In brief: Well-intended but underwhelming, labored, redundant, and built on a completely illogical foundation.
"Rogue Planet" goes to great lengths to create and uncover a mystery whose solution is predictable, and whose reason for being is downright illogical. By the time the "mystery" was uncovered I was wondering why it had been allowed to be a secret in the first place, let alone a secret for so long. There's no rationale except for the fact the writers must try to entertain us with it. A few lines of dialog would clear everything up, but the guest characters — for reasons that are artificially imposed by the writers — don't divulge key information until late in the game, at which point I was wondering why they chose now to finally divulge that information. Meanwhile, the central subject of the mystery — a strange woman — intentionally creates confusion where it is not warranted.
Worse yet, this is a story that steps perilously close to being a total yawner, with the first three acts belaboring the same points repeatedly. It ends with your typical Star Trek respect-all-life moral — a reasonable message boringly conveyed. At the very least, the story is inoffensive and respects its emotional undercurrents, misguided as they may be.
The rogue planet (no star system so therefore no daylight, which begs the question — glossed over with useless pseudo-science — of how it can plausibly support so much plant life) is an always-nighttime hunting ground for a species called the Eska. They use this planet for safari purposes. Archer and his team come across three Eska (Conor O'Farrell, Eric Pierpoint, Keith Szarabajka) during their initial survey, and camp out with the hunters in the interest of cultural observation. One little character bit I appreciated was that of Lt. Reed taking an interest in the actual hunt action, for strictly tactical educational purposes, of course.
About here is where the central mystery begins. Archer starts seeing a beautiful, mysterious woman (Stephanie Niznik) who calls to him and says she "needs" him. She tells him he is not like "the others." Vanishes ominously. When Archer tells the others what he has seen, they write it off as hallucinating or dreaming. Meanwhile, Reed and the Eska go hunting and one of them is attacked with alarming swiftness and surprise, leading to eventual speculation that there's more here than meets the eye. But of course we already knew that, because if you're even remotely paying attention you know where this story is going from the moment the mysterious woman shows up.
Unfortunately, that's about all there is to "Rogue Planet." Acts two and three are drawn out and redundant, as Archer, convinced there's a mystery here that must be solved, is drawn into the forest where he again sees the woman, who has cast a strange spell upon him, and who again vanishes at the convenient time when T'Pol and Trip come near, lest they see her themselves and be convinced that Archer isn't imagining things.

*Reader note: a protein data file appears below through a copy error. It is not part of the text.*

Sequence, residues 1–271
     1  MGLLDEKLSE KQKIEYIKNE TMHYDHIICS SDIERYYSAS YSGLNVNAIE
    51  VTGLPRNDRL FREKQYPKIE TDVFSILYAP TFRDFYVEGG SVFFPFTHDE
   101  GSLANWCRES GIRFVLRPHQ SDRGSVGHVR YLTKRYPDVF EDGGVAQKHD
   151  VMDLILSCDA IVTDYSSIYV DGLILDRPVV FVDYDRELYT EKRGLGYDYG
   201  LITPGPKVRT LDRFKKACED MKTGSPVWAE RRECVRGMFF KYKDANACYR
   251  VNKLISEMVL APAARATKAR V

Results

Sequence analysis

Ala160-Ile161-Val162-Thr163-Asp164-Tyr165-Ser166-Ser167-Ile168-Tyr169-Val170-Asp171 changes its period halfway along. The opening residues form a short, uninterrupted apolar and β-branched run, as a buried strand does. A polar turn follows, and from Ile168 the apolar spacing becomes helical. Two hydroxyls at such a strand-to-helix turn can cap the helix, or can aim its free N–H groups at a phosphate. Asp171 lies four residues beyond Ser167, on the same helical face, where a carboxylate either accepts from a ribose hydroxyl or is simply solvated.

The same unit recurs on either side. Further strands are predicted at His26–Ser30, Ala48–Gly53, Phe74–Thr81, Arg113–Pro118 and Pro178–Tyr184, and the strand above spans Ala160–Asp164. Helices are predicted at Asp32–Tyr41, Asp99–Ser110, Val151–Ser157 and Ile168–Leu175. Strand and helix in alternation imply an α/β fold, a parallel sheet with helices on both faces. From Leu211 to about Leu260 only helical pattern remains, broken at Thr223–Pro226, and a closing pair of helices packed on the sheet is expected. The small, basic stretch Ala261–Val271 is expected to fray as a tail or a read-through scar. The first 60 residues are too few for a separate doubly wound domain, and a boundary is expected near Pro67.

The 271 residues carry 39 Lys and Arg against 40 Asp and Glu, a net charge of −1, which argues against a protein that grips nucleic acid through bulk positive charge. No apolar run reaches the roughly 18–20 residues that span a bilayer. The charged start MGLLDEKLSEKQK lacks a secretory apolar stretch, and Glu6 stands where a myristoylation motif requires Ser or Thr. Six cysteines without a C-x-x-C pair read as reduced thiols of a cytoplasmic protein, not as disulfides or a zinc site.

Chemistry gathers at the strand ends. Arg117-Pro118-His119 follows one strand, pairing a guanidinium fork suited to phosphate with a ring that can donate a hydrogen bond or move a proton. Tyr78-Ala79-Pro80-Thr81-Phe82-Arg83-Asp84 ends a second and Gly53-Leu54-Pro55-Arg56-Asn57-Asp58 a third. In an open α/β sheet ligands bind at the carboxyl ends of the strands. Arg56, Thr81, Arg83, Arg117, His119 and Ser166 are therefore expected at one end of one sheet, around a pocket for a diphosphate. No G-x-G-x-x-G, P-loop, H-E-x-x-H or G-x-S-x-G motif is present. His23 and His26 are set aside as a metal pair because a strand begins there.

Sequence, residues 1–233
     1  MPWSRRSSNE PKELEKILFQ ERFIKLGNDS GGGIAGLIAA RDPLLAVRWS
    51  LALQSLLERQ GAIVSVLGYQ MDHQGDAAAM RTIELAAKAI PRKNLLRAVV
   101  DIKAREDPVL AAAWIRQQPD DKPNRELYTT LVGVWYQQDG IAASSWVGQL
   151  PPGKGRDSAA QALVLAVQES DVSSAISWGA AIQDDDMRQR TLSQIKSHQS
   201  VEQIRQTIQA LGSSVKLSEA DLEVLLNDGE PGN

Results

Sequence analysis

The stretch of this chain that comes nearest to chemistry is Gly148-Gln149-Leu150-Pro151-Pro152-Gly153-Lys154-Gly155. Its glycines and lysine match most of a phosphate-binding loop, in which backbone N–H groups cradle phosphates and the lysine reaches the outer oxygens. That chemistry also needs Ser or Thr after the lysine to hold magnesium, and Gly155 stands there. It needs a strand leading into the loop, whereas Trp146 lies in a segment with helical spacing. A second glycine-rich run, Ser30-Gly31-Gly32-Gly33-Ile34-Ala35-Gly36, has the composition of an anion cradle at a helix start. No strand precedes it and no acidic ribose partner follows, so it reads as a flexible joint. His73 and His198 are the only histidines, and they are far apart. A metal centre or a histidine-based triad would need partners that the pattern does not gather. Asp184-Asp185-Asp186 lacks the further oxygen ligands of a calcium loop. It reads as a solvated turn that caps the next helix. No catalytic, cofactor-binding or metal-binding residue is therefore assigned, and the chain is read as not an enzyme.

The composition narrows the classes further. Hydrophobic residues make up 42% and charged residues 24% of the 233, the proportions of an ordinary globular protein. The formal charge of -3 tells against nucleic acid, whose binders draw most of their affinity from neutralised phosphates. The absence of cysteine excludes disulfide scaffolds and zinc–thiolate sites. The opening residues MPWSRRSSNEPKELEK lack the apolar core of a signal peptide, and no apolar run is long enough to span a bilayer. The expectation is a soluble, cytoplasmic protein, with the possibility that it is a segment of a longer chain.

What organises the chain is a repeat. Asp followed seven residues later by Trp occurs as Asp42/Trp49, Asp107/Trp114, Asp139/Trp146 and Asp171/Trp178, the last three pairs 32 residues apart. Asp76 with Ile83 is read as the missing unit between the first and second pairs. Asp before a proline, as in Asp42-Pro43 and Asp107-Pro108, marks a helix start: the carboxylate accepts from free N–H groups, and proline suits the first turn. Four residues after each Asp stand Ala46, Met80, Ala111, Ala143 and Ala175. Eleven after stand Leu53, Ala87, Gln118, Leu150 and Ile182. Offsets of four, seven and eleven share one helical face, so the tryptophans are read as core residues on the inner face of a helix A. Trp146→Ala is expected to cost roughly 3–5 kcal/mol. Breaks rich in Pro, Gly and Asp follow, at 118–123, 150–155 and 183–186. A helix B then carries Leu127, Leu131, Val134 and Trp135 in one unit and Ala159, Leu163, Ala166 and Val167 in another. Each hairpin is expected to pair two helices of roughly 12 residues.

The solution is that the woman is one of a race of shapeshifters indigenous to this planet. They can read minds, which is useful in defending themselves from Eska hunters who consider them to be the best hunting trophies. It's also useful in reading Archer's subconscious and predicting that he might take a moral stand against the hunters, which is why she has come to him asking for his help.
The problem is that the events of the story's construction are purely illogical if you step outside its need to create this artificial mystery. If the mysterious woman wants Archer's help, why doesn't she just ask for it and explain what she is? Why go to the trouble of speaking in riddles and ominously disappearing, prompting everyone else to think Archer is crazy? The simple answer is that because if the woman didn't create a mystery, this story would have little else to do and would be over in about 20 minutes instead of 60.
Similarly, we have the Eska writing off Archer's sightings. But they know about the shapeshifters and their abilities. Why don't they explain what they know? The obvious answer would seem to be because they know Archer would disapprove of their hunting of a sentient species — but no, because near the end of the story they lay all the cards on the table voluntarily. What makes them decide to do this, when nothing about the situation has significantly changed? This answer is also simple: because the story had 15 minutes left and it was time to uncover the mystery so we could now deal with its implications, leading Archer & Co. to help the shapeshifters by sabotaging the Eska's technology.
Aside from all the silly mystery plotting, "Rogue Planet" has a few good points. I liked the cinematography in the darkened setting. Allan Kroeker does a good job of managing space and motion on what is undoubtedly a few tiny sets. I also appreciated the sentiment behind the idea of reaching deep into Archer's subconscious and finding the image of this fictional woman, who has been in his memory since childhood and whom he hadn't thought about in years. It's an interesting idea with some nice psychological elements, employed by the plot, alas, in absolutely the wrong way.
The lesson here is in the tradition of enlightened Trek but far too derivative and obvious: Hunting sentient species is bad, and we should help those who are in need.
Perhaps another lesson to be learned here: The next time your life is in danger and you need help, go to the cops, but be sure to send them on a convoluted chase where the clues eventually lead them back to your actual problem. I'm sure they'll find the exercise a whole lot more interesting that way. Or not. Hopefully you won't be dead by the time they figure out the game you're playing.
Next week: Ferengi — just what the doctor didn't order.